Hope springs from Salonika

FOR THE TIME being there is a sense of relief – not yet amounting to optimism – that the formation of the new government in Greece by Antonis Samaras may bring some stability to the local and European economies.

Meanwhile, as the New York Times reports, Yiannis Boutaris, mayor of Thessaloniki, Greece’s second biggest city and to my mind its most fascinating, is providing an example of how Greece might be able to get back on track by demanding accountability from his workforce and imposing elementary budgetary discipline.

Boutaris is also working to see the city realise its economic and tourism potential. Facing the Thermaic Gulf, the city’s port is a gateway to the Balkans. Of interest to this blog, Thessaloniki, like many cities in the Balkans, has a multicultural history. Until 1912, as Salonika, it remained part of the Ottoman Empire and was a truly multiconfessional city, home to many nationalities. Leon Sciaky’s memoir of the city in the late 19th century, Farewell to Salonica, is full of tales of a polyglot world, of Albanian baklava sellers, Greek priests, Bulgarian farmers, Turkish shoe-shine men.

And until the horrors of the Holocaust in 1943 Thessaloniki was home to the largest Jewish community in the Balkans. The Jewish community had largely arrived in Salonika at the invitation of the Ottoman sultan, Beyazit, after 1492 when they were expelled from Spain at the height of the Spanish Inquisition. Thereafter the city became known as the Jerusalem of the Balkans, and busy streets rang with the sound of Ladino, the Sephardic Jewish dialect of Spain. Painfully little evidence remains of that long and significant Jewish presence, but for Molho Bookshop, located in the heart of the city at Tsimski.

Under the Ottomans for over 400 years, Salonika maintained a confessional balancing act; whether this was a graceful balance or ever fragile is something for historians to debate. But here was a city where Muslims ruled, Jews dominated the business and merchant communities, and Christians made up the masses, particularly in the hinterland. Yet for all of the diversity and diffusion of power and competition between interest groups, the city enjoyed a dynamism and creative fervour.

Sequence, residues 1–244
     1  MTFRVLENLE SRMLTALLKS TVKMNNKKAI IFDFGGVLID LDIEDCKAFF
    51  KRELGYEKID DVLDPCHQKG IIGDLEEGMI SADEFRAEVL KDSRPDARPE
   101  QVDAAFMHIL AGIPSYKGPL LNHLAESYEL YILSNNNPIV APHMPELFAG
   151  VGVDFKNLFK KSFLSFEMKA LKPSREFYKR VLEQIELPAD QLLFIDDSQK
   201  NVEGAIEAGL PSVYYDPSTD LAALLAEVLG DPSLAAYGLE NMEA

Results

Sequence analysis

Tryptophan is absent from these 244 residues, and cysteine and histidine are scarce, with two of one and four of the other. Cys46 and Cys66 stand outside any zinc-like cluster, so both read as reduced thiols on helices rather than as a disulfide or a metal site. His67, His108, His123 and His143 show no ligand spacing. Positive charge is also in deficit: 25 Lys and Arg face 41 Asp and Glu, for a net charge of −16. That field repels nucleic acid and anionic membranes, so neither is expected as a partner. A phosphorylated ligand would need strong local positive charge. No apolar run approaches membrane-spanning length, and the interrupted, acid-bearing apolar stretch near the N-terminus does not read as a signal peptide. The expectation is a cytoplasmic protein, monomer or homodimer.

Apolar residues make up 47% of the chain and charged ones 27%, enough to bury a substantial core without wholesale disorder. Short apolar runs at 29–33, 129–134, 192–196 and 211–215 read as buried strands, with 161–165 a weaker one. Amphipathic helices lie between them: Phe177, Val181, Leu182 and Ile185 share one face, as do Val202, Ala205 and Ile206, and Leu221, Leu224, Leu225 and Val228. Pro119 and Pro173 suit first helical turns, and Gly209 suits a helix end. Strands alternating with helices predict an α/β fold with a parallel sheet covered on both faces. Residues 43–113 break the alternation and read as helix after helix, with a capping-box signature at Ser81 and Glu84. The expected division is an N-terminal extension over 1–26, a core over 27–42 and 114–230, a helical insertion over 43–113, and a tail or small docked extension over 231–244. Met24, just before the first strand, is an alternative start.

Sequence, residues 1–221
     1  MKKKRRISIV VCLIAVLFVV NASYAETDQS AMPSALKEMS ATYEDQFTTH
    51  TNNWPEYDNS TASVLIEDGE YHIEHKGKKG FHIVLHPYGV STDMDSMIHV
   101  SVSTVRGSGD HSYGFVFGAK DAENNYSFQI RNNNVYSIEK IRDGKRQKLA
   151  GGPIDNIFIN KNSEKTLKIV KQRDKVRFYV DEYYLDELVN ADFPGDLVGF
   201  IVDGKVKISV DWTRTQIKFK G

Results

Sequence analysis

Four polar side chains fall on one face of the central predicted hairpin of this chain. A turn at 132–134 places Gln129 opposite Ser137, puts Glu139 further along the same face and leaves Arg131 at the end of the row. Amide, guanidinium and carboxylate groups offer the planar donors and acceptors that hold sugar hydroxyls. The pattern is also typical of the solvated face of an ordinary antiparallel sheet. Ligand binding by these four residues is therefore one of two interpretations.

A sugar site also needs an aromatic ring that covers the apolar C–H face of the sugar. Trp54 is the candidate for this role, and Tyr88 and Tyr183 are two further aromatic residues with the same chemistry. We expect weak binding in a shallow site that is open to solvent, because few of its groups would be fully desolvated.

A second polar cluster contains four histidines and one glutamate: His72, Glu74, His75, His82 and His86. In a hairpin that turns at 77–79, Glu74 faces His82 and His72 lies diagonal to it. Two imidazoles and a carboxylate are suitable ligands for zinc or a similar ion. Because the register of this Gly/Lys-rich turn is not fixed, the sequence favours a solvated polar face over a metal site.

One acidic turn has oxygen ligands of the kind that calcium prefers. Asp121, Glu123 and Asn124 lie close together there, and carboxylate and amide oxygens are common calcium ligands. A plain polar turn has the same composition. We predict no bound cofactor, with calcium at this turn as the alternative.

It also maintained an aura of inter-confessional spirituality, hints of which, I would contend, persist to this day, particularly in the narrow streets of the Ano Poli (Old Town). Mark Mazower, in his triumphant history of the city, Salonica: City of Ghosts, recounts tales of Greek Orthodox monks who were often seen in the company of Mevlevi Sufis in the Ano Poli. I can’t help but imagine a clutch of bearded fellows loitering in a cobbled street, muttering quietly, pensively, an air of sanctity and serenity hovering over them – a blur of cassocks, crucifixes, tesbih (prayer beads), turbans.

Mazower reports that there were several Sufi tekkes (lodges) in the Old Town; as well as the Mevlevi, there were sizable groups of Nakshibandis, and Bektashis. The Bektashis, who remain of great import in modern Albania, were notable for being particularly powerful in Anatolia (where Bektashi spirituality continues to underpin the philosophy – for want of a better word – of the Alevi minority); they were often remarked upon for their adoption of Christian traditions and their conspicuous veneration of figures within Christianity, praying and making pilgrimages to Christian shrines and holy sites.

Thessaloniki now has an overwhelmingly Orthodox tenor, but during the Ottoman centuries the city’s skyline bristled with minarets. Many of the first mosques, after the Ottoman capture of the city in 1430, were established in converted churches. This practice can be interpreted as a desecration, an attempt by the victors in war to lord it over the vanquished, to eradicate their – necessarily inferior – faith – all aspects of what came to be seen in later centuries as the ‘Ottoman yoke’. Mazower approaches the topic with more nuance, saying that the Ottoman tendency to appropriate churches for their own spiritual purposes rather reflects their reverence for Christian tradition. Churches and shrines were deemed suitable locations for worship because the Ottoman Muslims recognised that ‘God lingered already in the holy places of their predecessors’.